Without further ado, here’s a quick look at the places that made the diverse list this year, in alphabetical order.
1. A.G. Gaston Motel (Birmingham, AL)
This historic hotel served as a “war room” for Martin Luther King Jr. and other leaders of the civil rights movement. Today, the vacant hotel is deteriorating but could be restored as part of a new civil rights focal point.
2. Carrollton Courthouse (New Orleans)
Before the city of Carrollton was annexed by New Orleans in 1874, this courthouse was built to serve Jefferson Community. It is now vacant and for sale, with no order to protect the landmark.
3. Chautauqua Amphitheater (Chautauqua, NY)
The Chautauqua Institution has plans to demolish this amphitheater, which is part of a Inhabitant Historic Landmark District that was designated in 1989. Susan B. Anthony, Franklin D. Roosevelt, Robert F. Kennedy and Duke Ellington are just a few of the notable people who have visited the 122-year-ancient stage.
4. East Point Historic Civic Block (East Point, GA)
The East Point Historic Civic Block includes East Point City Hall, the City Auditorium, the City Library and Victory Park. Located in the heart of the city’s downtown area, the entire block could be demolished since it has been neglected for several years.
5. The Factory (West Hollywood, CA)
Development threatens the Factory, which was built in 1929 to house the Mitchell Camera Corp. Over the years, it served other purposes, but it would eventually reopen in 1975 as Studio One, a gay club known for celebrity performances and AIDS activism.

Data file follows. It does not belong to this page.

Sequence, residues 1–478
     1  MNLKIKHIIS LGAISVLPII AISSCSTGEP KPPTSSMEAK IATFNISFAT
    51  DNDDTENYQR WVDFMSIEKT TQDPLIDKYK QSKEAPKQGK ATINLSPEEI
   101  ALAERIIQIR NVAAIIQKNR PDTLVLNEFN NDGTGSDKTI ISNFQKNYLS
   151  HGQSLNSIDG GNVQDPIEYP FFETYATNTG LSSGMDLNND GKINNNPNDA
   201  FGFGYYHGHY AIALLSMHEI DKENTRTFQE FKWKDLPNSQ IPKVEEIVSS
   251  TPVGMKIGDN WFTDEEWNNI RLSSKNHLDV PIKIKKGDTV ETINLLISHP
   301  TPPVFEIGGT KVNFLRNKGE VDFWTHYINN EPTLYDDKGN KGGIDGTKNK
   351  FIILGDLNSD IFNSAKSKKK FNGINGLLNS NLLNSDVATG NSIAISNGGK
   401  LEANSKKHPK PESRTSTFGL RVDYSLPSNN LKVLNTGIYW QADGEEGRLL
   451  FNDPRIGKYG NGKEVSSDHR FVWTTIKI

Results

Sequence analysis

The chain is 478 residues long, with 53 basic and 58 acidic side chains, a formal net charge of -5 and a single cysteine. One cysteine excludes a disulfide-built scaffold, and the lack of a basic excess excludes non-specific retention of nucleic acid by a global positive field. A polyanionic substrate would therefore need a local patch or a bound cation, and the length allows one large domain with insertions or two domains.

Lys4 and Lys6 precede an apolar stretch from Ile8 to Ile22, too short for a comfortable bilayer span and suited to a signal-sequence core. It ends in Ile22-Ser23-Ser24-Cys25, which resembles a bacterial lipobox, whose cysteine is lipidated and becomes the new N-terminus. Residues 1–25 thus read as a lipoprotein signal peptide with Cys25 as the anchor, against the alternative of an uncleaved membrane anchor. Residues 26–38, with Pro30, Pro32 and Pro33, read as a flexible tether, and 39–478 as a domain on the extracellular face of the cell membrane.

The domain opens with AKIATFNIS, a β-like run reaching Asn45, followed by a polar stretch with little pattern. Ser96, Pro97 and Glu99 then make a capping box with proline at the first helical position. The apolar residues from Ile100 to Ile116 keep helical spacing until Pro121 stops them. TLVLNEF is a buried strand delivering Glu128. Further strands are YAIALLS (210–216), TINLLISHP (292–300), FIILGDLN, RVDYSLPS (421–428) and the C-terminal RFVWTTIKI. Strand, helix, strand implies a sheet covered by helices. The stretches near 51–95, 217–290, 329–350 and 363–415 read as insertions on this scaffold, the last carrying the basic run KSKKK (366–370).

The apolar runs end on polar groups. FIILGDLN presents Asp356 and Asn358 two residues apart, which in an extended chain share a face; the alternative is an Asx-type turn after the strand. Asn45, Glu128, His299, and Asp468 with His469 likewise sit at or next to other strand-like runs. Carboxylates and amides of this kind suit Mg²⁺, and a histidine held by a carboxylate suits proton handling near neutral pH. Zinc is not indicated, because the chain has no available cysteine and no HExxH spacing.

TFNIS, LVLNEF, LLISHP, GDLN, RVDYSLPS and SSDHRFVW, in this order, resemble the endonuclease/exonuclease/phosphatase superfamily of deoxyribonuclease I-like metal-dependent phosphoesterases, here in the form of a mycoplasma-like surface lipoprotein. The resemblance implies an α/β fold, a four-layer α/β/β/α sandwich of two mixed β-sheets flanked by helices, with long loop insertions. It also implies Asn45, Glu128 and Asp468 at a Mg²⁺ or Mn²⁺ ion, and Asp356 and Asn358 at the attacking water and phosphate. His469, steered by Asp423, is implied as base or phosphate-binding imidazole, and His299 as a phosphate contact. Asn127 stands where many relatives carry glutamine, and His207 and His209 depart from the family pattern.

6. Fort Worth Stockyards (Fort Worth, TX)
This is the site that led to Fort Worth’s emergence as a major focal point of the American livestock industry. The historic district attracts millions of visitors, according to the Inhabitant Entrust for Historic Preservation. A generous-extent redevelopment project would alter the character of the stockyards area.
7. The Grand Canyon (Arizona)
With development proposals to erect resorts and start mining, the Grand Canyon’s natural beauty may be at risk. In addendum to being a world-renowned attraction, it is also a sacred place for several Native American tribes.
8. Small Havana (Miami)
This Miami neighborhood has been the symbol of the American melting pot, but zoning changes and a lack of protection of its historic buildings may completely change Small Havana’s charming character.
9. Oak Flat (Superior, AZ)
Visit Oak Flat to learn about the San Carlos Apache and other Native American tribes before a provision in the Inhabitant Protection Consent Act of 2015 takes effect and opens the holy site up to mining.
10. Ancient US Mint (San Francisco)
The Ancient US Mint, a Inhabitant Historic Landmark, was completed in 1874 and survived the 1906 earthquake and fires, but it may not be able to survive the years of neglect.
11. South Road Seaport (New York)
This area in New York features some of the city’s oldest architecture, but development plans, which include building a tower, could change the landscape forever.